Sean Earley, general manager of Richvale Irrigation District, checks a rice field in 2015. Tens of thousands of Californians have to use bottled water because of contaminants in their drinking water. The Legislature is debating how to pay for helping them. Manny Crisostomo

If there’s one thing a farmer knows, it’s the importance of water. Access to clean, safe drinking water ought to be a fundamental right for all Californians.
But there are about 300 unsafe drinking-water systems across the state, many of them in the Salinas Valley or in the Central Valley’s Tulare Lake Basin. These 1 million Californians must buy or obtain drinking water in jugs or bottles.
That is why the California Rice Commission, the Western Growers Association and other agriculture industry leaders have stepped up to support a balanced, sustainable solution to this unacceptable public health problem, which is greater in scope than the well-chronicled crisis in Flint, Mich.

 Senate Bill 623 by Sen. Bill Monning, D-Carmel, would create a Safe and Affordable Drinking Water Fund to provide emergency relief and also fund water-treatment facilities that these small water systems cannot possible afford on their own.

Funding would come from two sources. Because in many cases the water is contaminated by nitrates, an unavoidable byproduct of farming operations, a growing number of agricultural industry leaders are supporting a small fee to cover nitrate-related costs. The bill would also provide regulatory certainty for farmers while they continue to reduce the impact of fertilizers on groundwater.
Also contributing to the problem are other contaminants, such as arsenic and perchlorate, that are not related to agricultural operations. It is a statewide problem, so the legislation includes a statewide solution – a modest fee of less than $1 a month on the water bills for residents and businesses. Low-income households would be exempted.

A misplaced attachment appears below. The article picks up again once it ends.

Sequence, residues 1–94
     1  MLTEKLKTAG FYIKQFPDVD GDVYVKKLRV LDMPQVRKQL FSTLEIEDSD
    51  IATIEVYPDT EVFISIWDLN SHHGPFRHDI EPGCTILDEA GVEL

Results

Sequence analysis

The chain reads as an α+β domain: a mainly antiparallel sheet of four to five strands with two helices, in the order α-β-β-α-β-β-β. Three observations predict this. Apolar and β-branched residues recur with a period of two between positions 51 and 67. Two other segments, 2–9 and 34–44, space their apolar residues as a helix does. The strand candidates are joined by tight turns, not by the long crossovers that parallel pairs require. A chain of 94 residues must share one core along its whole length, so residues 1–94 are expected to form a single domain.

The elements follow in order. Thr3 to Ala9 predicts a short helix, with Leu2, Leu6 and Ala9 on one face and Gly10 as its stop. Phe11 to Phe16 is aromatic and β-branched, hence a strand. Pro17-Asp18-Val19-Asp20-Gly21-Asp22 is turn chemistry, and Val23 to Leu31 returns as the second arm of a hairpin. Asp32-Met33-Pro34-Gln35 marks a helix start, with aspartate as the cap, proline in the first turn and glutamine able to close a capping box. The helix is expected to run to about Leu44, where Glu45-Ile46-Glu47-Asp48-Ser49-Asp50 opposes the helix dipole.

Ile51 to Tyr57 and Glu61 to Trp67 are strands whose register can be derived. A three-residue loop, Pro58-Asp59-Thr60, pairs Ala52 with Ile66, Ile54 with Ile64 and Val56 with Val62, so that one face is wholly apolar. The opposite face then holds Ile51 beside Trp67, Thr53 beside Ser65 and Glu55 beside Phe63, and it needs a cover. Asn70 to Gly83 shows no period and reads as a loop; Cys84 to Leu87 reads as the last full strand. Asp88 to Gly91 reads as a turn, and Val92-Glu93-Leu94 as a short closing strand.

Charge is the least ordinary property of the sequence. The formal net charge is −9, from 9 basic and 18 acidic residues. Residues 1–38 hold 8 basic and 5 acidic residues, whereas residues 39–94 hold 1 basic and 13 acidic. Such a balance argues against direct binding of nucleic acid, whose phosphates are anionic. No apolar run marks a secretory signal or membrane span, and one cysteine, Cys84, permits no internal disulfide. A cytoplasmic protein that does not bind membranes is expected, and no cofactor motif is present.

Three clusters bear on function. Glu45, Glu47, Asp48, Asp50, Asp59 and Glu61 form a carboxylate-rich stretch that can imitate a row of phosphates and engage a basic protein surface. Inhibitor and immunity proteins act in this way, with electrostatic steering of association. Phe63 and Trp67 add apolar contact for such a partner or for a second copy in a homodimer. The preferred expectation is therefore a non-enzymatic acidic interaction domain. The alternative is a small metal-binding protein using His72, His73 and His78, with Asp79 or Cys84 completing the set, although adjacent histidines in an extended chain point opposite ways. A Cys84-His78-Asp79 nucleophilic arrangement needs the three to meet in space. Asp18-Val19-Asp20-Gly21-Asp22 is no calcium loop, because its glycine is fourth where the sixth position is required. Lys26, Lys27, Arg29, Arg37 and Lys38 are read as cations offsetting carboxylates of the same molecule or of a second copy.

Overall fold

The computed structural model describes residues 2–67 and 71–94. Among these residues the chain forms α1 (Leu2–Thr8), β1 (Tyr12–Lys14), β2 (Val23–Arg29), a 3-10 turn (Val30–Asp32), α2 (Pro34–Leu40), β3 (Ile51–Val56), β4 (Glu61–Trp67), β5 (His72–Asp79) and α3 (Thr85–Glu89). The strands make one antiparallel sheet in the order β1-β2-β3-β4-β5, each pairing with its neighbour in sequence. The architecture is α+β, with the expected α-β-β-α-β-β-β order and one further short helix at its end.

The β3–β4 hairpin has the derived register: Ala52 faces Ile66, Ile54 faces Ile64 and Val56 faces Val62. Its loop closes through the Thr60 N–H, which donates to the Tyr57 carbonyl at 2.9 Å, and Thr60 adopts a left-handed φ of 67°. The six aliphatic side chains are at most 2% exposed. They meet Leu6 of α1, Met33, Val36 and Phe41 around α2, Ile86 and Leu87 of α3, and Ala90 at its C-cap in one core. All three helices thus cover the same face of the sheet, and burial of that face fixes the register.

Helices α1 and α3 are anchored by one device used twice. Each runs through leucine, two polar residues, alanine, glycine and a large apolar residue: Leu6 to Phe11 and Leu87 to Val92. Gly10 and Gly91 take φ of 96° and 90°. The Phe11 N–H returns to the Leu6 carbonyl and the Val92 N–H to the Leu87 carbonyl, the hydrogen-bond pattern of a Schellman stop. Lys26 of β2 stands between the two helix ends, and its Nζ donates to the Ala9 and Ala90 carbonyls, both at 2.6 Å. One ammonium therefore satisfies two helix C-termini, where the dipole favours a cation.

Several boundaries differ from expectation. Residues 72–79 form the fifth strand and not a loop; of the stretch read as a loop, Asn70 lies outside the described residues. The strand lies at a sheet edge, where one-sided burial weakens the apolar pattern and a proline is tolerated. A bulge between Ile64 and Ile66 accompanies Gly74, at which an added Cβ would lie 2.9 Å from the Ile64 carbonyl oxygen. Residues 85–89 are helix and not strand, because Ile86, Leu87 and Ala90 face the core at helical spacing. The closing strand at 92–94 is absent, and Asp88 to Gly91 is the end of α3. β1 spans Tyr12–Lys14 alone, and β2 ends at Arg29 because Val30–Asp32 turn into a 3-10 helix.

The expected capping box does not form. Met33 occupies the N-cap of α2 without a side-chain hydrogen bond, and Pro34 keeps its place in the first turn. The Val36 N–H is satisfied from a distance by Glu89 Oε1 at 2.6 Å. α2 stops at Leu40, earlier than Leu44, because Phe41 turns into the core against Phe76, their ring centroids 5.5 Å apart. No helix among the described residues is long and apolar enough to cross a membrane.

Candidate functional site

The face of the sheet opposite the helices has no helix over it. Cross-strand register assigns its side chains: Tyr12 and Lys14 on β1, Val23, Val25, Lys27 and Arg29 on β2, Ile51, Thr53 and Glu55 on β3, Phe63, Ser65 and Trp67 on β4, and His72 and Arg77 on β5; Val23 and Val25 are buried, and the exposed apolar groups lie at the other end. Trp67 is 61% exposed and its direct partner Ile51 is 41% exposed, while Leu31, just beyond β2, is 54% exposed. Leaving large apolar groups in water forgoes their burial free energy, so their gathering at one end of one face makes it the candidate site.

This approach is similar to basic services as electricity; all customers pay a small fee to ensure that low-income families have access to a necessity. These water systems serve small, mostly rural communities of mostly low-income families who can’t afford to buy water, on top of paying their water bill. Some families are spending up to 10 percent of their incomes on drinking water.
It is a third-world problem that cannot be tolerated in a state as prosperous and proud as California. It’s long past time that the Legislature, working with state and local water agencies and rural communities, produced a sustainable solution. Such a solution is at hand, and it is a bipartisan plan supported not just by farm groups, but also environmental groups such as Clean Water Action and health groups such as the American Heart Association.
The fact that 1 million Californians cannot use water from their taps to mix baby formula, make iced tea, brush their teeth or simply quench their thirsts ought to be unacceptable. It is a problem we are morally compelled to solve.
As originally published in The Sacramento Bee by Tim Johnson on August 18, 2017
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